I write differently when it doesn’t have to be true. Maybe that’s a lesson for the dissertation. That last post, the American Tarot thing, is something I’ve had pieces of hanging around the hard drive in various forms since my MFA days. Not quite a story, not quite anything; never knew what to do with the pieces. But I write differently: the language simultaneously more and less self-conscious, less necessarily attached to me as a person with thoughts, ideas, an agenda. Speaking through a carnival mask, which is why Wealth Bondage came to mind. It’s a nice change from my usual self-halting stumbles and rationalizations and equivocations. I notice, also, that it’s easier for me to write when I’m channeling someone else, which is why the sayback of Donna’s feedback felt like it worked so well. Metafilter does Flash Friday and other folks do the Friday Five; maybe I’ll have myself a Fiction Friday. (I really want to make that last one into three Fs, but I know I’ll later regret the language. Perhaps — thinking of masks again — this weblog needs a potty-mouthed alter ego, to say the things I feel I can’t. Perhaps, but not yet.)

In any case: in talking about Donna’s feedback, I noted that she offered me some questions for future research. They follow, as well as some thoughts about the use and exchange value of writing, and whether I ought to continue to construct this weblog as a research weblog.
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The American Tarot

In his strange and gorgeous novel Amnesiascope, Steve Erickson proposes an American Tarot: in place of the Magician and the Fool, Death and the Lovers, Erickson offers “the Snakecharmer and the Boatman and the Moll and the Slave, the Witch and the Bounty Hunter and the Black Lieutenant and the Salem Mistress. . . the Blind Hitchhiker and the Ripped-Dress Debutante.” Erickson’s writing is habitually brilliant, but this idea — practically a throwaway, an aside in the novel’s hallucinatory and frightening beauty — is an idea I can’t let go. Had I the inventive skill and the time and the artistic ability, I’d create an entire deck, Major and Minor Arcana, of the American Tarot: The Pop Singer, The Gangster, The Salesman, The Skyscraper, The Student, Hollywood, The Welfare Mother, The Miner, The Senate Commission, The Minister, The Corner Store, The Late-Night DJ — what are our other icons? For the power of the Tarot lies in its archetypal echoes, the way these figures represent constellations of cultural, political, economic identities, activities, phenomena: they seem powerfully unique, but they stand for entire classes, arrays, matrices of possibility. The Black Lieutenant carries a hundred thousand narratives of oppression and ascent, structural hegemony and individual agency, romance and loss; so, too, do all the other Arcana all compress their own multiplicities of narratives. The Arcana seem to me to be something like classes, in that they embody the stories people tell about themselves. The stories we tell about ourselves.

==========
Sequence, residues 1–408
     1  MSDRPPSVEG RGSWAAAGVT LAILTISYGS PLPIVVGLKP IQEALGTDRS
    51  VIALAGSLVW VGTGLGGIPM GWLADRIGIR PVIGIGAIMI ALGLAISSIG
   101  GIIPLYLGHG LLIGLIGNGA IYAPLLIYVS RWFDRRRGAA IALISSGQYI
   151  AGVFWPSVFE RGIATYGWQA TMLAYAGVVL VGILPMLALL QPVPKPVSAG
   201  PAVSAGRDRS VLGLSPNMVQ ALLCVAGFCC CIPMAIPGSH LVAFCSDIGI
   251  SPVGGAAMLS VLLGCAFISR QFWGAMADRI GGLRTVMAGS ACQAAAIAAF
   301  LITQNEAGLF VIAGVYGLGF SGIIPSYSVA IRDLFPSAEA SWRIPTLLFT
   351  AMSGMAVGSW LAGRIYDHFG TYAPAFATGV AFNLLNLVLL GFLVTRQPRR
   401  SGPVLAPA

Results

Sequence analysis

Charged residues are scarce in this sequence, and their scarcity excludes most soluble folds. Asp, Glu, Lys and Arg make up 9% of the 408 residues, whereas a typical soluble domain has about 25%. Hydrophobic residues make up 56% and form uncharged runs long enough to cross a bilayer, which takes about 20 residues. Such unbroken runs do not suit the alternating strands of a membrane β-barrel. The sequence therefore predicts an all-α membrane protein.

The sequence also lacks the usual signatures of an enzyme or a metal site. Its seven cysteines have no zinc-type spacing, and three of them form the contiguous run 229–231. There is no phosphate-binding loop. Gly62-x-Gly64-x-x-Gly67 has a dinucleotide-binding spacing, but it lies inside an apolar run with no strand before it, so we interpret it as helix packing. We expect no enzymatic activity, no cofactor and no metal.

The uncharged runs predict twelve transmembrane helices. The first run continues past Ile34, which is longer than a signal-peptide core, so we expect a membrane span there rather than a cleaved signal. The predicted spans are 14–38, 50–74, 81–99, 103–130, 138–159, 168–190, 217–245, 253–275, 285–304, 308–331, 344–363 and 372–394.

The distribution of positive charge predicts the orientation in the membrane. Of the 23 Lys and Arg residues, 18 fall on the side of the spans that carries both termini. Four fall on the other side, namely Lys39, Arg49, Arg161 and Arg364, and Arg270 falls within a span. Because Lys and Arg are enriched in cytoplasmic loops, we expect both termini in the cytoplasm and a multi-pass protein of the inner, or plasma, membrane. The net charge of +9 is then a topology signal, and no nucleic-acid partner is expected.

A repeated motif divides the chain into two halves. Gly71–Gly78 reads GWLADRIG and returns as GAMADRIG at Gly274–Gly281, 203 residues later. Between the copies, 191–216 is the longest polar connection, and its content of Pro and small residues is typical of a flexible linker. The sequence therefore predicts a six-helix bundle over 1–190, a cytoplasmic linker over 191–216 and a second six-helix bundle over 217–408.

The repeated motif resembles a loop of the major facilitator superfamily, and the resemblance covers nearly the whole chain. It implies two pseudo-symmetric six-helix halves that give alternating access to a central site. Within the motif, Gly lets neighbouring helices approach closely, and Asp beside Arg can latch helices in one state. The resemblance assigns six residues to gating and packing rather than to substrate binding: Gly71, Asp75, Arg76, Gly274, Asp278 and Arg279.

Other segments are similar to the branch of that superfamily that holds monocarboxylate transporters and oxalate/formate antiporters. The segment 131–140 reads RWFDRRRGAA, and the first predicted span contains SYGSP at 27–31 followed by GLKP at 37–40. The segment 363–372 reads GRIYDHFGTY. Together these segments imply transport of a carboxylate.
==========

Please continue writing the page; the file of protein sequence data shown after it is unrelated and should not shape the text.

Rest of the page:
We see reflections of them embodied everywhere. We see the Arcana perverted, in their stunted carnival form, in the masks of Wealth Bondage: Candidia Cruikshanks as The Chariot; Dr. Chadwallah, The Hermit; Chastity Powers, The Star; Dick Minim, The Hanged Man. We see other stories, as well.

We see the way they’re drawn and dealt, seventh shuffle and seventh cut, diamonds and hearts, spades, the club, the way they fall, the quadrifold crux, nexus, birth, school, work, death, the wings to either side, fortune, soaring to the possible wax-burn and smoke-trail plummet, Icarine, but to soar and hit it, the gold-paved street, the crystal halls and mahogany offices, the frosted glass through which to gaze, the sunny skies and shaded glades, fragmented, splintered like a stained-glass window, smashed save for the larger lies, super-sized, in the elliptical detail and the alternative history, the myth of celebrity and the lies of the scandal sheet made true.
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History and Struggle

No wonder I’ve been having such difficulties trying to put education into a Marxian class framework. According to Wolff and Resnick, “Only the processes of surplus labor appropriation and distribution refer to class, while ‘nonclass,’ by definition, encompasses all of the other processes of social life. Marxian theory inquires whether and under what specific historical circumstances some of these nonclass processes provide conditions of existence for the capitalist fundamental class process” (203). For Wolff and Resnick, one must produce commodities (the market-sold products of labor) in order to be a part of the class process. The students in the writing classroom, as Susan Miller contends in her account of composition-as-carnival, are historically constructed as preeconomic. This is an assumption that runs entirely contrary to what I’m trying to do.